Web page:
Updated: Aug 11, 2019
If you have not read part one of the story, I will give you the quick rundown. While at breakfast during our family vacation a friend of mine posted pics of a vintage Mercedes that needed a new home NOW. I was 1500 miles away and otherwise occupied, but I agreed to purchase it and my friend handled the logistics of getting it out of there before the impound truck came to drag it away (it had a 72 hour notice and the clock was ticking). It was a total blind impulse buy, I really had no clue what I was getting myself into and had only seen a couple of tiny pics on my cell phone...but always being up for an adventure,the deal went down.
Yesterday I went to see the car for the first time and to trailer it back to the Carchaeology Laboratory to start its new life. My brother came along for support and we rolled into Orange County to our mothers house where the car was dropped without her knowledge or permission.(fortunately mom is awesome...thanks mom!) While my initial reaction was a mild disappointment due to a couple rust spots, the more I looked at it, the more I mellowed and realized that trusting my gut was the best way to go. This thing is freakin cool! The car is a 1968 Mercedes 250S sedan. A marginally interesting model in the world of Mercedes, but with a very interesting twist in that it is right hand drive , manual trans with shift on the column and features the cool big European headlights. The car has been sitting for quite a while and the engine was removed for rebuilding, but apparently never made it back in the car. I have not yet seen the engine and I know little of the cars history, but Im scheduled to pick up the engine and meet the last owner to get the paperwork tomorrow...so watch for Part 3 of the story that will hopefully fill in some blanks.
The pick up of the car was a bit of an adventure as when we arrived one of the tires was flat and we had no way to pump it up. The car rolled slowly with many strong hands and backs on it, but progress stopped completely at the ramp for the trailer. Some quick thinking worked into a creative solution and a chain of tie downs was fashioned running up the ramp and through the trailer, exiting the man door on one side. The straps were then hooked to another car pulled just forward of the door and as the driver went forward the Benz slowly crawled up the ramp. After this heroic and slightly stupid task was accomplished our momentary celebration was cut short as we all realized that the car was too long for the trailer. Even with the bumper pressed against the front wall of the trailer, the car was at least 3" too long for the door to close. We tried to figure out how to strap the door partially closed which would make the trailer longer, but the angle was too great and the taillights on the door would not be visible, so we turned our attention to making the car shorter. The front bumper and grille were removed and stashed under the car and we tried the door...it just hit the body at the bumper mounts, bit when forced a bit, the latches just barely closed. We were in...but truly end to end , rubbing on both front and back and the precious European headlights less than a half an inch from touching the wall! We jammed a chunk of carpet in there for just a tiny bit of padding and then said a prayer before hitting the road.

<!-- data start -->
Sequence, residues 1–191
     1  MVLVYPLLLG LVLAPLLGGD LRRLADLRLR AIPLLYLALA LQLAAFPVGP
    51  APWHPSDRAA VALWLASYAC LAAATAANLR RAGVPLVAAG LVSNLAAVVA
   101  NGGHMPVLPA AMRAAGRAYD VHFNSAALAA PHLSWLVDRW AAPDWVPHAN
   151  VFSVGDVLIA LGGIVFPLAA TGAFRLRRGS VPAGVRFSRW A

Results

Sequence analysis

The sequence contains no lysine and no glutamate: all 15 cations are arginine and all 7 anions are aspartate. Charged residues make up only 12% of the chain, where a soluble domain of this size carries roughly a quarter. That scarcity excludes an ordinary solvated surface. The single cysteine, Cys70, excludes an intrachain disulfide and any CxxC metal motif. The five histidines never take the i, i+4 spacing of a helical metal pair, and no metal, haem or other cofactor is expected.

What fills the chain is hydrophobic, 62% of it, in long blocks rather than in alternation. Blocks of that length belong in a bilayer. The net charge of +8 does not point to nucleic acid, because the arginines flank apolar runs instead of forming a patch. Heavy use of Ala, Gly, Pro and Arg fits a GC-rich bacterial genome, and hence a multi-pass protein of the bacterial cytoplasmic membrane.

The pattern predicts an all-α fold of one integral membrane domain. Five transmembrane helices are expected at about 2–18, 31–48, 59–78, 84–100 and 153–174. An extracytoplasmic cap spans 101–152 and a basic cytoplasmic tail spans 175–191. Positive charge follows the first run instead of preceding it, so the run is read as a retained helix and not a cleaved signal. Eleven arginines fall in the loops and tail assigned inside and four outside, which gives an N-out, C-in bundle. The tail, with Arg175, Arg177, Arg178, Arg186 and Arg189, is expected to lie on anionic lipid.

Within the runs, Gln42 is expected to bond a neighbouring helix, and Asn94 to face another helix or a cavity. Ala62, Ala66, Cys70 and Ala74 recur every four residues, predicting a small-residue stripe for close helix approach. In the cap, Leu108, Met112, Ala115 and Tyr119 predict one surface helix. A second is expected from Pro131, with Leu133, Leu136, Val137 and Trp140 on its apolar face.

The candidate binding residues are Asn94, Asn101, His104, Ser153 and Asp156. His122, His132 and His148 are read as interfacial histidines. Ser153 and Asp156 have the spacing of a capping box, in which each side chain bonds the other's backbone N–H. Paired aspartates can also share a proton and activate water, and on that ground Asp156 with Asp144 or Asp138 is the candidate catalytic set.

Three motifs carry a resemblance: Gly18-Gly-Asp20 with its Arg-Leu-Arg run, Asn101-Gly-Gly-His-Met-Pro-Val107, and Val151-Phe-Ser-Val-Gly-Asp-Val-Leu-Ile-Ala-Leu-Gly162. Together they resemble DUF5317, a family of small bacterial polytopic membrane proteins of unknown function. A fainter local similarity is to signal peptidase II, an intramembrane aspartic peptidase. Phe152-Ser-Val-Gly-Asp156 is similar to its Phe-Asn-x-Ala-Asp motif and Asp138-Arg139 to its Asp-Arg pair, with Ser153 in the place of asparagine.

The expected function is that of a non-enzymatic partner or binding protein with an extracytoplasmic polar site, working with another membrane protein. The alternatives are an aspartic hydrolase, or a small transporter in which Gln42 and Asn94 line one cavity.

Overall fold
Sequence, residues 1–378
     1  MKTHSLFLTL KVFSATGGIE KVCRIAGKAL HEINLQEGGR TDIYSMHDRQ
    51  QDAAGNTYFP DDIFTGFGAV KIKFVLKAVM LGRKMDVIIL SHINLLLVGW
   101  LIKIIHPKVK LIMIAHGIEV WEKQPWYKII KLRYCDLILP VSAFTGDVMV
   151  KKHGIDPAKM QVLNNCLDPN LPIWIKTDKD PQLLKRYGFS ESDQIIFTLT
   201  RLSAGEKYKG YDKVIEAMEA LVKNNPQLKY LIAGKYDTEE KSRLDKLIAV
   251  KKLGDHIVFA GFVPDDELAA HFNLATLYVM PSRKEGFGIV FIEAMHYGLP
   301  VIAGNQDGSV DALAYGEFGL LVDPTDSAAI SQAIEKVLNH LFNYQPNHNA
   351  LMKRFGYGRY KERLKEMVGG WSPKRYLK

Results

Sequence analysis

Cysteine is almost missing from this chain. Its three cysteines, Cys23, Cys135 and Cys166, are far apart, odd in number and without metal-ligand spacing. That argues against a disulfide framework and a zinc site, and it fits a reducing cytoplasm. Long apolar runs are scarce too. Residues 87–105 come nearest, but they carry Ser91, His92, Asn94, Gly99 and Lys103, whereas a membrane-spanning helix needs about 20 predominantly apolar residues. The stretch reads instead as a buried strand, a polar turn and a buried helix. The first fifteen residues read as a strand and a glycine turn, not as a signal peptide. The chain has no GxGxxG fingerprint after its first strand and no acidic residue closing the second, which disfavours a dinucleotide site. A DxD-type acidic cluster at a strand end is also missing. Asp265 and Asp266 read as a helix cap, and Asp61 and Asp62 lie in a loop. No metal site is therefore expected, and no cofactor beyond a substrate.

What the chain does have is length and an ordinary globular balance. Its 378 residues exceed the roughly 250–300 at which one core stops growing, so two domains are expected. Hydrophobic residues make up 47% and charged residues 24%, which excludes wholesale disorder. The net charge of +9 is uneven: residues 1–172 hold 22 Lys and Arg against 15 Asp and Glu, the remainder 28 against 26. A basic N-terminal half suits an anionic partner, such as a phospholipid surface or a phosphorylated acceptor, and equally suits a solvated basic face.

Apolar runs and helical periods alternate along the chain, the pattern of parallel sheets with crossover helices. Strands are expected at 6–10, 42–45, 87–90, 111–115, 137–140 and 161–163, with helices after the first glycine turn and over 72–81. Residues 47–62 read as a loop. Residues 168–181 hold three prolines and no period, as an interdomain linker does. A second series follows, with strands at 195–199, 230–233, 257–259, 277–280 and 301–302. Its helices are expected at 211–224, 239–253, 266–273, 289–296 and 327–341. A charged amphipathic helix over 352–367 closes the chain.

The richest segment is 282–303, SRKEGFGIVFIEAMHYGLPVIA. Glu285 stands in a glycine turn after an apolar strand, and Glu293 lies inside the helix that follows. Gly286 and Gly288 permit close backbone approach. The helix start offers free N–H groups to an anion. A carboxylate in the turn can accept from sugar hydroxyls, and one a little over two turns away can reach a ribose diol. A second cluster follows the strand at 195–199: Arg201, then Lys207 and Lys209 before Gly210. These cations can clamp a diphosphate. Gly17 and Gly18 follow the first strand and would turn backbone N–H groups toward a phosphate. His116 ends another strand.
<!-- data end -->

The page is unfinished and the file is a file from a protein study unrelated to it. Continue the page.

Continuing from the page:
The tow back to the Lab was uneventful and the Benz made it safe with headlights intact. The next morning I wandered out to take a closer look while still lashed in the trailer. Its a super cool old car and I cant wait to dive head first into the clean up and preservation. The revival will be a pretty serious task, but the car is worth the effort. There cant be many right hand drive examples in the US, the rarity factor is strong.
Trust your impulses...when the opportunity pops up, grab it. Don't hesitate or you might just miss out. It also helps to have good friends to lend a hand. Next task...chasing the history and grabbing the engine!